1) If you're in Western Europe (France, Germany and UK confirmed) and are trying to apply for a visa to China, you must be a citizen of the country you are applying from or a permanent resident thereof.
In my experience, this rule does not apply to Thailand, perhaps because Thailand is a popular transit country. Anyone can go to the Chinese Consulate in Chiang Mai and get a Chinese visa. It's kind of like Hong Kong in that way. I would be grateful if someone on the "Chiang Mai Visa Run" could verify this, as things may have changed since I got my easy visa in Thailand a few years back.
According to the guy behind the counter at the Chinese Consular office in Frankfurt ALL EUROPEAN NATIONS are bound by the "permanent resident/citizen clause," which basically means that if you are traveling through Europe and decide, "hey, I'm gonna go to China" you won't be able to get your visa. This clause has NOT BEEN confirmed by Chinatravel.net for nations other than France, Germany and the UK.
So anyway, we were like, no sweat, we'll just send all of the documents to the US to my trusty standby VisaExpress.net, who have handled many of my visas over the years.Unfortunately, it ain't that easy.
2) If you are applying for a visa to China for a minor (18 and under) from the USA, then both parents must be citizens of the USA or the non-citizen must have a green card. Beanmilk doesn't have a green card. So the folks at visaexpress.net sent all of our docs back to us. Again, if anyone out there can confirm this we'd love to hear from you because what one Chinese Consulate says often has no bearing on what the other Chinese Consulates say.
So now our only option is Hong Kong, the safe haven for all visa seekers. But, of course, things ain't that easy. I had to be in Shanghai on January 10th so I could be at work, so our plan was for me to take the docs to Hong Kong and get the visa done there, while the family waits for the good news in Germany.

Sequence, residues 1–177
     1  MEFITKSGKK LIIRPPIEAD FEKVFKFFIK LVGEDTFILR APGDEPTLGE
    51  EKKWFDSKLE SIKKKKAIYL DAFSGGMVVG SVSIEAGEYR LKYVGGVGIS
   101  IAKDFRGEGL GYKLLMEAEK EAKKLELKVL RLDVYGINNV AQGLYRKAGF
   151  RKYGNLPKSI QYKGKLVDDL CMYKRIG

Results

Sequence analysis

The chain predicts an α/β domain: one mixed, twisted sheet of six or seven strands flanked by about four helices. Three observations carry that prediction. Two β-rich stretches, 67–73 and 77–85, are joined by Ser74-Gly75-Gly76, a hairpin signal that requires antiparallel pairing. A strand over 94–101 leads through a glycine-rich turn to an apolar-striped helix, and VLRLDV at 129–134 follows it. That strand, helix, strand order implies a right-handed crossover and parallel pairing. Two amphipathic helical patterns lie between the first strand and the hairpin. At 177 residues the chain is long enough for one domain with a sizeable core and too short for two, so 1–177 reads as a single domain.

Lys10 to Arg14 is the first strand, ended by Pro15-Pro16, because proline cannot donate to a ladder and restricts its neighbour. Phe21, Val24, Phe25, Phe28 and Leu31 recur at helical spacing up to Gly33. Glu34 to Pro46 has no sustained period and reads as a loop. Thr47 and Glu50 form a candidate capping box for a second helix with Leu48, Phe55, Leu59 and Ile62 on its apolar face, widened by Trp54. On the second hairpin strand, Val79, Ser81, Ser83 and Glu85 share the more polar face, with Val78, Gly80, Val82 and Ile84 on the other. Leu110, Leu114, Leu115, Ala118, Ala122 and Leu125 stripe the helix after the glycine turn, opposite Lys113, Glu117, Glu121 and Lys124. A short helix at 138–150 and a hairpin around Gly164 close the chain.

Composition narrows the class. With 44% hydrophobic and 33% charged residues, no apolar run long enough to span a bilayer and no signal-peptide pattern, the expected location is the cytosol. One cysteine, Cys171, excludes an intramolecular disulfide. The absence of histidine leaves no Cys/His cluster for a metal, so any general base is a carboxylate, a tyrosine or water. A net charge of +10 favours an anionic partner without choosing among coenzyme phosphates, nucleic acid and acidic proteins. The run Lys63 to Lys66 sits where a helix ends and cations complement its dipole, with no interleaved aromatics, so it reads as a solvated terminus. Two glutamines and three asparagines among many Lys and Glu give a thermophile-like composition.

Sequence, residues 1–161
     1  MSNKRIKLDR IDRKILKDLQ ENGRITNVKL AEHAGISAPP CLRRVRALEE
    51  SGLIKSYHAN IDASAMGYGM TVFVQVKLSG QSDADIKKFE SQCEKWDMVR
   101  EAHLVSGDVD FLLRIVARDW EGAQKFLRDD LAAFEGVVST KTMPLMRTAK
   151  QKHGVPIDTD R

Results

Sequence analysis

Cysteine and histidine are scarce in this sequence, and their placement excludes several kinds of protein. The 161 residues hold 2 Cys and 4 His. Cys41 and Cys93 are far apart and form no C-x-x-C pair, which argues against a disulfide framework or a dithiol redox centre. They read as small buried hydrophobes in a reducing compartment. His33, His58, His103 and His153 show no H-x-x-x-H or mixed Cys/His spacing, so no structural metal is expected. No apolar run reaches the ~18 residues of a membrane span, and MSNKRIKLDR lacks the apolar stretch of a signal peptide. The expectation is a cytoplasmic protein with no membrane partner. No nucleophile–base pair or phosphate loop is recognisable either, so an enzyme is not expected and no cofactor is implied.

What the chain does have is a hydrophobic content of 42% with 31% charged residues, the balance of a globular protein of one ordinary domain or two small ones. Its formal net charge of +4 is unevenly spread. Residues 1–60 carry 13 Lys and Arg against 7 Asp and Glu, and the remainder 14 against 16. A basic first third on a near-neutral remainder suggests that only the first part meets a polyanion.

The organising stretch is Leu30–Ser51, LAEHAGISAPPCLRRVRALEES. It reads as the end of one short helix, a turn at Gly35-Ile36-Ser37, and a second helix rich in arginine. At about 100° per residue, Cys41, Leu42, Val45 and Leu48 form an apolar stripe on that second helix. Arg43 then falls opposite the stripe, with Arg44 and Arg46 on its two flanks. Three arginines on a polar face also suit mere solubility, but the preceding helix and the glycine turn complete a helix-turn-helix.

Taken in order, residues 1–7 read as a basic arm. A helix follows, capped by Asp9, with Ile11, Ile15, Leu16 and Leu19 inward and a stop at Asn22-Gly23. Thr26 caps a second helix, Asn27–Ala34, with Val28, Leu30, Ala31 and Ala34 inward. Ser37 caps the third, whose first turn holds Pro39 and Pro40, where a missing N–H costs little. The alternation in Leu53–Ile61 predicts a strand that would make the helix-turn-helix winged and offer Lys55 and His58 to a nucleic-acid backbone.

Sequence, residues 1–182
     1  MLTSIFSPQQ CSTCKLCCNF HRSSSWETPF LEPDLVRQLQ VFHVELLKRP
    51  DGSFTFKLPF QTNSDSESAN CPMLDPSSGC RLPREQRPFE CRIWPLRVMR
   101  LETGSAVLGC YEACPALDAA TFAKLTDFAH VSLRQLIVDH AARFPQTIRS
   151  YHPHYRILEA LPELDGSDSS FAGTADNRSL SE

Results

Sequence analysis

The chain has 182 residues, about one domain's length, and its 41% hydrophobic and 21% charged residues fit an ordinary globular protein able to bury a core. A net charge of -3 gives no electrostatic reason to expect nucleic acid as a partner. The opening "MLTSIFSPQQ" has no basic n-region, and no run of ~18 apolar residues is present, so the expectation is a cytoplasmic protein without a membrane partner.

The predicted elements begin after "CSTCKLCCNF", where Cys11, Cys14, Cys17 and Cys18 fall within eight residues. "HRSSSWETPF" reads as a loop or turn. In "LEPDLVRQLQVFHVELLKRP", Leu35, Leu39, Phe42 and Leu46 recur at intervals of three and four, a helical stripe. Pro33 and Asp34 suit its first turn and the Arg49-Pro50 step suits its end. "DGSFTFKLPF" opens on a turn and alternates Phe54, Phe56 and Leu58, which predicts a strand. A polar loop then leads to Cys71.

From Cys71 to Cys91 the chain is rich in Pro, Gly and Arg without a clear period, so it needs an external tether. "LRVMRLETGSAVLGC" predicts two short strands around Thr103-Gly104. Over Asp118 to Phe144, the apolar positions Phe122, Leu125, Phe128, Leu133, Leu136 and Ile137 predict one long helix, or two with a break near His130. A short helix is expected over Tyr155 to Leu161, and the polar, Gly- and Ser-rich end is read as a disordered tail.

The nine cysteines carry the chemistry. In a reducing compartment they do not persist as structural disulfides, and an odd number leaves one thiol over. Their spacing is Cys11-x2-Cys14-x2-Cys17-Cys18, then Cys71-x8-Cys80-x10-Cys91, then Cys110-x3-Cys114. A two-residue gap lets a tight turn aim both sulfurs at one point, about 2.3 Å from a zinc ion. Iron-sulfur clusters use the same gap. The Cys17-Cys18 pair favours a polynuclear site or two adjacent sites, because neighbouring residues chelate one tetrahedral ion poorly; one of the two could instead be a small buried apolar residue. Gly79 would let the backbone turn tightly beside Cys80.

3) A parent can represent their child when applying for a visa in Hong Kong. The child's passport must have an entry stamp for Hong Kong. Any passport that does not have an entry stamp for Hong Kong cannot get a visa to China in Hong Kong—which means that you cannot send your passport to Hong Kong and have a middleman do the job for you. You have to physically be there.
All good. Plan D: Fly the family out to Hong Kong to meet me. We'll go to Lamma Island while the visa is processed and maybe get a cheap massage deal on Groupon.hk.
All Bad. In Germany, the China Eastern counter was womanned by an evil beatch that would not give poor Bean her boarding pass for Hong Kong, because the flight passed through Shanghai. The Evil Woman did not believe that Mainland Chinese are allowed to stay for one week in Hong Kong without a visa if they are coming from a country other than Mainland China.
4) Chinese nationals are allowed to travel from a foreign country (i.e. any country but China) to Hong Kong and stay there for seven days without a Hong Kong visa. If however, your flight from that foreign country connects in China (say, a Frankfurt-Shanghai-Hong Kong flight) then Chinese customs will not let you through and you will be forced to stay in China. Also, you must be in transit from Country A - HK - Country B. So a Frankfurt-HK-Shanghai flight may have possibly worked.This might be helpful for those of you out there who are married to a local.
So the customs officials in Shanghai conferred for two hours before they finally allowed Stinky (who did not have a China visa at the time) to enter China on a special two-day visa (This happened to coincide with the weekend), instead of allowing Bean and Stinky to travel on to Hong Kong on their (booked and paid for) flight and see what the HK authorities would do with them.
So then I had to fly back from Hong Kong to Shanghai to pick up Stinkumz (same day flight), while the local PSB in Shanghai harassed me, Bean and our landlord for harboring a fugitive from justice: my visa-less 11-month old son.
Me and Stink spent a few days in town eating Hong Kong's famous har gao and checking out the Ladies Market out in Kowloon while the local CITS handled his visa. He is now safe and sound with his mama in Chengdu, recovering from a stomach flu and reaching for the sausage even though he's only allowed to eat the porridge. His visa is a 6-month single entry L Tourist visa that we will change into a Relative visa in Chengdu, where is mama's hukou be.
5) Don't be an idiot and let your visa expire. Extend it. WAY before it expires. Get your documents ready. Visit the local PSB early. Be responsible.
For more information on visas in China, check out the following sources:2010 China Visa Updates Shanghai Expo Visa Rules (may or may not still apply) 2008 Visa Updates (may or may not still apply) Getting a Business Visa in Hong Kong Attempting to Talk Your Way Out of a Visa Fine Chinese Embassy in the US Another option: just type in "China Visa" in your search engine and slowly go through the dozens of private China visa providers. The plethora of China visa middlemen should give you an idea of how arbitrary the process can be. The people I know with the least visa problems are those with a connection. Of course, there are thousands of gainfully employed English teachers, diligent students and curious tourists who never seem to have a problem with their visas. I salute you.